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INSIDE brand-conscious multinationals, the hunger for monopoly over identity rages on. For global brands, India is fast becoming a marquee destination and they are going all out to protect their brand identity. Last week, it was reported how Charlie Chaplin brought Indian marketers to book as Chaplin’s legal heirs slapped a legal notice on FMCG major Reckitt Benckiser’s Indian subsidiary for unauthorised use of the Little Tramp’s imagery in its famous Cherry Blossom shoe polish ad. Or for that matter, Danjaq LLC, the copyright owners of James Bond series of films, which sent a legal notice to Cadbury India two weeks ago, alleging infringement of James Bond character by Cadbury’s Gems Bond ad campaign. 

Now Intel Corporation, the $35-billion chipmaker, has opted for an out-of-court settlement with Indian dehumidifier maker Desiccant Rotors International (DRI) after four years of fighting a trademark violation case. The American IT major sued the Indian company for using the word ‘inside’ in its tagline, something Intel claimed was a violation of its ‘Intel Inside’ trademark.

“DRI operates in a separate category of goods altogether. However, Intel was trying to establish that its presence is all-pervasive and it should get a universal brand protection,” says Mr. Deepak Pahwa, chairman of Pahwa Enterprises, the parent company of DRI.

In response to a questionnaire, Intel said, “The Intel brand is one of the most valued brands in the world. Over the years, we have invested billions of dollars to create that value. Like any other asset, we have an obligation to our shareholders to protect that asset. We have no choice but to challenge infringements of our rights. However, Intel generally tries to amicably resolve disputes over the ownership of our trademarks.”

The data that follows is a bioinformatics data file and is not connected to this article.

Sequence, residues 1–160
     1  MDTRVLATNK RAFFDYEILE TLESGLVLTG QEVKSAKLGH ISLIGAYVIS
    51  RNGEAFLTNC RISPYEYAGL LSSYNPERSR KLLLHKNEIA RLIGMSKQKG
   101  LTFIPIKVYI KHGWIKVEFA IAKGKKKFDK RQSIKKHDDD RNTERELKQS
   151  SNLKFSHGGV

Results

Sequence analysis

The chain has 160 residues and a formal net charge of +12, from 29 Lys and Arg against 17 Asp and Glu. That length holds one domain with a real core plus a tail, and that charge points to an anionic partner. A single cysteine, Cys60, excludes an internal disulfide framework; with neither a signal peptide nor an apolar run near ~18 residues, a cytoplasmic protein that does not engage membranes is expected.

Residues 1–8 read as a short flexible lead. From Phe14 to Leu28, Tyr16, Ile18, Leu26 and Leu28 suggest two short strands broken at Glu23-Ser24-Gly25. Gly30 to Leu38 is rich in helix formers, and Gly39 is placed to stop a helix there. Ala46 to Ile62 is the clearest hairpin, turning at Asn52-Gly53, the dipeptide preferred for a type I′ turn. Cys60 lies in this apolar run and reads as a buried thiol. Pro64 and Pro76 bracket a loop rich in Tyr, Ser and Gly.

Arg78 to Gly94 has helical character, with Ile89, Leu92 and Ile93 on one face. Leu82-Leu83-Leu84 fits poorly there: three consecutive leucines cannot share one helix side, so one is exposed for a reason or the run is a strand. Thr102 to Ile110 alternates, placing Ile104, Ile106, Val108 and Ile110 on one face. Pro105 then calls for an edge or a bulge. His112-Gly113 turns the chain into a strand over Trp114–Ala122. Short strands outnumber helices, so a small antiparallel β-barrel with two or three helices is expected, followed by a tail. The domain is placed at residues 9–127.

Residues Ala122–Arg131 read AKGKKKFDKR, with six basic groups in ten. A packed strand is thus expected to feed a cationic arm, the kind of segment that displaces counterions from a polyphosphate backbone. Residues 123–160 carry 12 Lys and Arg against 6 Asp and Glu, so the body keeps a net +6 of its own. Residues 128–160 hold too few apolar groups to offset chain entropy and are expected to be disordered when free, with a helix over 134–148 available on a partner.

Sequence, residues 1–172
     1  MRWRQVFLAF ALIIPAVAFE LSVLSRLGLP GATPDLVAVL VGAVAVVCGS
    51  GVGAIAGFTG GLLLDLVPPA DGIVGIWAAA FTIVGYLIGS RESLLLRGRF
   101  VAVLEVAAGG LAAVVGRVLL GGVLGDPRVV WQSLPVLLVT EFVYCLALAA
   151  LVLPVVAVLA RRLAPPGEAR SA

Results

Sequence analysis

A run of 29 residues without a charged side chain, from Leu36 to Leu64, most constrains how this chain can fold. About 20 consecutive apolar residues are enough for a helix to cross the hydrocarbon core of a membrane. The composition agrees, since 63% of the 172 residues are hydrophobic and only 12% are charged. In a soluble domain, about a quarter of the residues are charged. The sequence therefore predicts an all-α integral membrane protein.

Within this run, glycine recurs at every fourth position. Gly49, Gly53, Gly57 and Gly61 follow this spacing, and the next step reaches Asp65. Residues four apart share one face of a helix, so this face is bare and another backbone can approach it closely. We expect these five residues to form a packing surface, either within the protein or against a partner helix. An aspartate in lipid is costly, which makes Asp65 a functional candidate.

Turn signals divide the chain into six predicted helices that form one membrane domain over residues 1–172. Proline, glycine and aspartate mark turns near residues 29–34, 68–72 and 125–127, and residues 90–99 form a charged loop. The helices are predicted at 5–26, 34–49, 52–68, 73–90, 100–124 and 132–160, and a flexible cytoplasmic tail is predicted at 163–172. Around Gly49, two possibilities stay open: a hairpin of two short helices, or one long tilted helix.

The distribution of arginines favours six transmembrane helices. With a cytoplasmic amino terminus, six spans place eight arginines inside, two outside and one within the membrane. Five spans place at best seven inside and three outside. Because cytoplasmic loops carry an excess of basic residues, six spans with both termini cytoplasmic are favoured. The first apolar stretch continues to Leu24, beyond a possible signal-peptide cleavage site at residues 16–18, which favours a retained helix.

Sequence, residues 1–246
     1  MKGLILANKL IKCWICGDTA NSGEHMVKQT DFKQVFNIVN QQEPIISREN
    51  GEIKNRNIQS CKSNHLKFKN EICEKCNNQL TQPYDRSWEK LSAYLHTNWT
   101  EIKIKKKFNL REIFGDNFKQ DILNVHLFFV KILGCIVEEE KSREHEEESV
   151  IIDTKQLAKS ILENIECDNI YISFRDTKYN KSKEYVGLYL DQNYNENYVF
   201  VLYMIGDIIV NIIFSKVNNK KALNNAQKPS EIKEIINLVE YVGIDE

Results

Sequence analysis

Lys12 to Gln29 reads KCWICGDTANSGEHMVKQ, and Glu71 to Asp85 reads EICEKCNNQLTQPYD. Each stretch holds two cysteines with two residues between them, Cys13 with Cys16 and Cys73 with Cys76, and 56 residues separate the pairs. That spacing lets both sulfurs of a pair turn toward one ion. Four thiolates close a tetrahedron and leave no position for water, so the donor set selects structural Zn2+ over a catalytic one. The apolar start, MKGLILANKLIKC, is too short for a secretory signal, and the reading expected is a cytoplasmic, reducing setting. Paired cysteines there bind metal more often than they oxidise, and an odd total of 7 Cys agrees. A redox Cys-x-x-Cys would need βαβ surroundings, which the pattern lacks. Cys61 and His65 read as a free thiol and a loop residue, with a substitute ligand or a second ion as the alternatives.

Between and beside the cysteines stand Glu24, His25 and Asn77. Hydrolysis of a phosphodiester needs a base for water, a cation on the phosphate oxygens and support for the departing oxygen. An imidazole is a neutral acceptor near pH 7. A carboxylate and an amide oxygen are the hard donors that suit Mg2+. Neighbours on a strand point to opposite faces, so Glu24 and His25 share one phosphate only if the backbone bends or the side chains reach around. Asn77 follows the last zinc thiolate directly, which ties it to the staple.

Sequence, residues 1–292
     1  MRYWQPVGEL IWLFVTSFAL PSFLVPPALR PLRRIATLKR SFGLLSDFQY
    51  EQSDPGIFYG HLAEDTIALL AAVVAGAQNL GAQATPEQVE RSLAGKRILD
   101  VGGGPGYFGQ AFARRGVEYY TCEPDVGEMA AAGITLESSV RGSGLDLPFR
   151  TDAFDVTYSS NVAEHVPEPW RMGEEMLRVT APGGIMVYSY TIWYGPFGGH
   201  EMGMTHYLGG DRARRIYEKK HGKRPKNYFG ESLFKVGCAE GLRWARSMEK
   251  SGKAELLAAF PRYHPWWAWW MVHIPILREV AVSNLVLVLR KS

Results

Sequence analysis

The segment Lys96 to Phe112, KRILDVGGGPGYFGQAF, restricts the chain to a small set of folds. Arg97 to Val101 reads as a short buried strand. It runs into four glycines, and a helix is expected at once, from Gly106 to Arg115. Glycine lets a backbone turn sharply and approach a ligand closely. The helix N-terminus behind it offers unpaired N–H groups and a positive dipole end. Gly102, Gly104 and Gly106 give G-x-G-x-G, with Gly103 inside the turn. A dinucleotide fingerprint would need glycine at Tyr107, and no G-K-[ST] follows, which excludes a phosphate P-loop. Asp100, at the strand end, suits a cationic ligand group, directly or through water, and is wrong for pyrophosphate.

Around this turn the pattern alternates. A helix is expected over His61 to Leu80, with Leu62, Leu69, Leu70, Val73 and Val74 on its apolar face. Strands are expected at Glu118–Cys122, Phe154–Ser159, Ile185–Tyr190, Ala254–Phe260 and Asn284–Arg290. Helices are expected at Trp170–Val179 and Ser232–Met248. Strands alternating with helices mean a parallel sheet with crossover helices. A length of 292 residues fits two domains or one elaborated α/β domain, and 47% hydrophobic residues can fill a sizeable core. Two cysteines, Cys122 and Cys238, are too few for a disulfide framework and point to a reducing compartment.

Retailers would have begged to differ with Shakespeare who questioned ‘What’s in a name?’ Wal-Mart took three NCR-based ‘Wal-Marts’ to court for trademark violation in the recent past. Starbucks too started seeing stars after beautician Shahnaz Hussain claimed she would open her Starstrucks cafes. “Retailers like Toys R Us and RadioShack have deployed their IP teams to scout for copycats and issue legal notices to them, even before they finalise their India foray plans. India, with its growing middle class, is considered an important market and these retailers are ensuring their legal tussles are sorted out before their entry,” says legal eagle Majmudar & Co managing partner Akil Hirani.

Multinationals realize that brands are a part of business asset and hold great value. “There’s a surge in infringement cases in auto components, hardware and even building material. However, I don’t see many Indian companies fighting for brand protection. The high legal cost is a huge deterrent,” says Pooja Dodd, IP practice head of legal firm, Fox Mandal.

Ms Dodd has her hands full with cases of infringement. Barring a case where an Indian website has filed for copyright infringement against a me-too, which claims to have offices around the world, all others are cases filed by MNCs against Indian companies. An international real estate firm is initiating legal proceedings against an Indian company for trademark violation, while another is suing an Indian firm for product patent infringement.

In the recent past, global firms such as Peugeot, Microsoft, Time International and Caterpillar, among others, have launched a full-scale copyright and trademark infringement war against violators from India.

Take the case of the Delhi High Court order that recently restrained the misuse of the marks ‘CAT’ and ‘Caterpillar’ for footwear in Caterpillar Inc vs Kailash Nichani case, or for that matter when in 2005, one Lokesh Shrivastava was made to pay damages to the tune of Rs 5 lakh to Time Inc owing to undue commercial exploitation resulting in loss of business to the rightful owner. In another landmark decision, delivered in the Microsoft vs Yogesh Popat case, Delhi High Court calculated the actual loss of business caused to Microsoft by Mr. Popat who was selling pirated software as ‘freeware’ with assembled computers. The court considered it violation of Microsoft’s trademark and copyrights and awarded the software major damages of Rs 19.7 lakh, the highest award for damages given by an Indian court for trademark and copyright infringement.

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